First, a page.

An unpublished opinion of the North Carolina Court of Appeals does not constitute controlling legal authority. Citation is disfavored, but may be permitted in accordance with the provisions of Rule 30(e)(3) of the North Carolina Rules of Appellate Proced ure.

NO. COA03-1427

NORTH CAROLINA COURT OF APPEALS

Filed: 19 October 2004

STATE OF NORTH CAROLINA                    Mecklenburg County
                                    Nos.    01CRS34925< br> v .                                     01CRS36757
                                        02CRS22667
DARRYL DEWAYNE TILLMAN

    Appeal by defendant from judgments entered 29 May 2003 by Judge Beverly T. Beal in Mecklenburg County Superior Court. Heard in the Court of Appeals 31 August 2004.

    Attorney General Roy A. Cooper, III, by Assistant Attorney General Daniel S. Johnson, for the State.

    Kevin P. Bradley for defendant-appellant.

    HUNTER, Judge.

    Darryl DeWayne Tillman (“defendant”) appeals from judgments dated 29 May 2003 entered consistent with a jury verdict finding him guilty of felonious larceny and a plea of guilty to habitual felon status. Defendant was also found guilty of possession of a stolen vehicle, however judgment was arrested as to that charge. For the reasons stated herein, we find no error.
    The evidence presented at trial tends to show that on 24 July 2001, a man identifying himself as “Tim” inquired about a Saturn automobile for sale at the A to Z Auto Sales lot from salesman Fransisco Irizarry (“Irizarry”). As the car would not start, Irizarry asked the man, whom he later identified as defendant, to return the following day. On 25 July 2001, defendant returned andIrizarry jump-started the vehicle, then left to put away the equipment. In Irizarry's absence, defendant drove off in the Saturn and did not return. Defendant did not pay for the vehicle. On both occasions, Irizarry spent more than twenty minutes with defendant.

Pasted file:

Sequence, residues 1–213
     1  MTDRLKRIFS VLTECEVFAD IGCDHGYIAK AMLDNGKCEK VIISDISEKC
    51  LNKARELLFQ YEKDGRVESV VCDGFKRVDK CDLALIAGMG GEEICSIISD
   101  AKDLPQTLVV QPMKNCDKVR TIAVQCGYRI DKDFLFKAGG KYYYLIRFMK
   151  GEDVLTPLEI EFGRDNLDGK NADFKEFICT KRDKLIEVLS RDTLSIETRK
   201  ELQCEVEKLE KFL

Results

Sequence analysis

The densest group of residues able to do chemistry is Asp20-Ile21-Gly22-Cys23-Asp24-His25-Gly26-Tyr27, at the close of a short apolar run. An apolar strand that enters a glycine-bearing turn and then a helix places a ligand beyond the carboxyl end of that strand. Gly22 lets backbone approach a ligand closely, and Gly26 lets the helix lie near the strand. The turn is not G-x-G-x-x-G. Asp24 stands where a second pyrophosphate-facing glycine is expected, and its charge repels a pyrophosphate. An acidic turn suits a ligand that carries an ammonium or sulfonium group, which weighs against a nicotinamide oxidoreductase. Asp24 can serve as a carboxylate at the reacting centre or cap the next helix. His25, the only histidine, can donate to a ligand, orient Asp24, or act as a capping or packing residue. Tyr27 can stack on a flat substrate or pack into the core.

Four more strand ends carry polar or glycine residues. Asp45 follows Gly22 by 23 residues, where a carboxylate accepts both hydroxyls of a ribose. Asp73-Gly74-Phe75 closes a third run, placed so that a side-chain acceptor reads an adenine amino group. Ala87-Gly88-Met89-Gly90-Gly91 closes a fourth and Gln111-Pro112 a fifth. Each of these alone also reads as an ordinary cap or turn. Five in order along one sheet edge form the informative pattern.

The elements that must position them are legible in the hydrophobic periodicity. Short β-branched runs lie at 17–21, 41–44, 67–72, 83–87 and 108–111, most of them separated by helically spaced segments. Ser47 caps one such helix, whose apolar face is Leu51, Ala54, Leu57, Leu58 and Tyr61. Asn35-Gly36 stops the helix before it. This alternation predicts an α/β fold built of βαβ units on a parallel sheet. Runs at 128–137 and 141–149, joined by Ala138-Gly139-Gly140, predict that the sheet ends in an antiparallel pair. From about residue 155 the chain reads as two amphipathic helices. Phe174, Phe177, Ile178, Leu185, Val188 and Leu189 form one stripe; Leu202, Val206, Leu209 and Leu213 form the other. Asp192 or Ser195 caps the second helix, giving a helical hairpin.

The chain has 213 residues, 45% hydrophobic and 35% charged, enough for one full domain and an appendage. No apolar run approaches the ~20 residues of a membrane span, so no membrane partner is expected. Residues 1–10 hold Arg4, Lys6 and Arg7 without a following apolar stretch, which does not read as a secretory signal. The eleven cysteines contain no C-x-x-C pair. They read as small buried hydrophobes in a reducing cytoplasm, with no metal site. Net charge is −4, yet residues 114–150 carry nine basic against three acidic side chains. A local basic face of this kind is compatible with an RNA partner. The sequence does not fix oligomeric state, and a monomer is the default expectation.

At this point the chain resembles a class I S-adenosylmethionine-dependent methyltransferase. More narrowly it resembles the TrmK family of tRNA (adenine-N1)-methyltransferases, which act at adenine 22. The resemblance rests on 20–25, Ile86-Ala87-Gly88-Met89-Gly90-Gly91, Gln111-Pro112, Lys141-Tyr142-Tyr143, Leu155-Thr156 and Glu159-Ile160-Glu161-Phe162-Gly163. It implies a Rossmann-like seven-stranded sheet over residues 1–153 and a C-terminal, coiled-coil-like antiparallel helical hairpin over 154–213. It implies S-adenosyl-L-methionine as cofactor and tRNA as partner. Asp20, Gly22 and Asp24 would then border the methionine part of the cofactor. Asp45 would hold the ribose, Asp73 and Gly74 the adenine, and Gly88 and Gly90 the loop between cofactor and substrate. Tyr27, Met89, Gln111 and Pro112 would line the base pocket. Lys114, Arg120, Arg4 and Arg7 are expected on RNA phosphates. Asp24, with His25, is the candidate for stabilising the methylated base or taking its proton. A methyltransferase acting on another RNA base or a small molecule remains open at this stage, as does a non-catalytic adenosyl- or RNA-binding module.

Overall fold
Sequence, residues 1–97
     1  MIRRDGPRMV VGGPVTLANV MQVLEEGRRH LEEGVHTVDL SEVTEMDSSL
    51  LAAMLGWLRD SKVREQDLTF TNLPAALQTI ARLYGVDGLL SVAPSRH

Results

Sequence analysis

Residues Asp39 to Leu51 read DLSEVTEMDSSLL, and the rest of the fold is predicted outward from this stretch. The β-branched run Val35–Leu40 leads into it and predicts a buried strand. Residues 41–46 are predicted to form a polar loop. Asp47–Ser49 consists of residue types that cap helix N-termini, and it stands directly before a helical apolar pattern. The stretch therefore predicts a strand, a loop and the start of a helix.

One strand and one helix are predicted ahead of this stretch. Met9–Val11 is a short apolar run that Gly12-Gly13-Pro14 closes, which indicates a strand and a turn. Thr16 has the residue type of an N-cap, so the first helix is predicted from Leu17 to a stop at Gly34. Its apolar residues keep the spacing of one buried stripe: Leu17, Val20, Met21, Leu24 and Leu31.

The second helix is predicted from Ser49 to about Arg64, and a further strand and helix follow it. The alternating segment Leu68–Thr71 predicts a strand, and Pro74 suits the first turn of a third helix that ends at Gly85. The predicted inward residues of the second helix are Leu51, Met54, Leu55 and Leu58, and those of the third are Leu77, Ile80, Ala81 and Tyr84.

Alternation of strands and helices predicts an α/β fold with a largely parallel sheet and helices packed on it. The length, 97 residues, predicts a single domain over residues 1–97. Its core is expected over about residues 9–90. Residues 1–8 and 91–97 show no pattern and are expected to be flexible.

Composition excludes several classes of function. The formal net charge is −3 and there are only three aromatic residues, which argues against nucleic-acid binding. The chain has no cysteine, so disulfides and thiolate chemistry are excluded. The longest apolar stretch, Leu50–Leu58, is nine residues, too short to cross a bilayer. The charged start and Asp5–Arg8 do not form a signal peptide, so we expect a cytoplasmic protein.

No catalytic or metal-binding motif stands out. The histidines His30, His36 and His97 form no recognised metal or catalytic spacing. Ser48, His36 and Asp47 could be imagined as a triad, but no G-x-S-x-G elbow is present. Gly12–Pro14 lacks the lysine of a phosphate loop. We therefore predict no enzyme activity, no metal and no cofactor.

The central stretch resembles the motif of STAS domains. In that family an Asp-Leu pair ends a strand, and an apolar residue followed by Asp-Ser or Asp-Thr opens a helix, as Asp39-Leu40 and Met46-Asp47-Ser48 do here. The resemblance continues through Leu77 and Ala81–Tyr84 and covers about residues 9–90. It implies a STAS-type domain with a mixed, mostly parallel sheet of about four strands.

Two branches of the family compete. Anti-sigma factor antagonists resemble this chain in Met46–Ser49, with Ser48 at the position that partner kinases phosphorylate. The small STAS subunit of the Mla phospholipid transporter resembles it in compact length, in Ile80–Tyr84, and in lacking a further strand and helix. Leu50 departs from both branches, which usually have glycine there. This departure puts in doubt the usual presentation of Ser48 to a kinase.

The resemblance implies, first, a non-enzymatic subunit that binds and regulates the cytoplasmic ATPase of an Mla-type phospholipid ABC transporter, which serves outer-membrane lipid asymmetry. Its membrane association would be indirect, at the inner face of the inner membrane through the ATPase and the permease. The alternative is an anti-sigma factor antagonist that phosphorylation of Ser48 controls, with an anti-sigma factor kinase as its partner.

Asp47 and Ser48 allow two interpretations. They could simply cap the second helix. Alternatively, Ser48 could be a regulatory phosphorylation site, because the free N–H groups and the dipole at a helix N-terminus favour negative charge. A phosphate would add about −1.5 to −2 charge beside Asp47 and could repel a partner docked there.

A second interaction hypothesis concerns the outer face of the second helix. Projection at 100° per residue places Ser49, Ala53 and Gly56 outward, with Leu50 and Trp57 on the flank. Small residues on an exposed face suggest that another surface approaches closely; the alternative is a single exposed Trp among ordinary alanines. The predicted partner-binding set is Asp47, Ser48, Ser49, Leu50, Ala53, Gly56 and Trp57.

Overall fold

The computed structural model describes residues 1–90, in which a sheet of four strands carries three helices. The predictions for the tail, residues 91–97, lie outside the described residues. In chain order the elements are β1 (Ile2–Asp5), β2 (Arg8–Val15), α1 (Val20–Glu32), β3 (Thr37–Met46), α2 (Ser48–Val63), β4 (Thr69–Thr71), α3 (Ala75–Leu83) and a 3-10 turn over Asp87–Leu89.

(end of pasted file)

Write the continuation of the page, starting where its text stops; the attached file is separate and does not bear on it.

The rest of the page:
On 10 August 2001, an officer discovered incorrect tags on a Saturn automobile and stopped the vehicle, which was identified as the stolen Saturn. The driver, defendant, produced a North Carolina identification card, but had no license or registration. Defendant told the officer he had borrowed the vehicle in order to take one of the two female occupants in the car to the hospital for emergency treatment.
    Defendant was taken into custody and waived his Miranda rights, giving an oral statement that he had borrowed the car from another individual. Defendant then refused to answer further questions and the interview was concluded.
    After recovery of the vehicle on 10 August 2001, a detective showed a photographic lineup which included defendant to Irizarry. Irizarry identified defendant from the lineup as the individual who had inquired about and later driven off in the Saturn.
    At trial, defendant testified that he borrowed the vehicle from a man he had recently met, who he knew only as Tim. Defendant denied taking the vehicle from A to Z Auto Sales and denied knowing the Saturn was stolen.
    Defendant was charged with felonious larceny of an automobile and possession of a stolen vehicle and was convicted of bothoffenses. Defendant also pled guilty to habitual felon status. The trial court arrested judgment on the felony of possession of a stolen vehicle, and defendant was sentenced on the remaining charges to a term of 122 to 156 months. Defendant appeals.

I.

    By his first assignment of error, defendant contends that the trial court erred in denying a motion to dismiss for a fatal variance between the allegations of ownership in the indictment and the proof of ownership at trial. We disagree.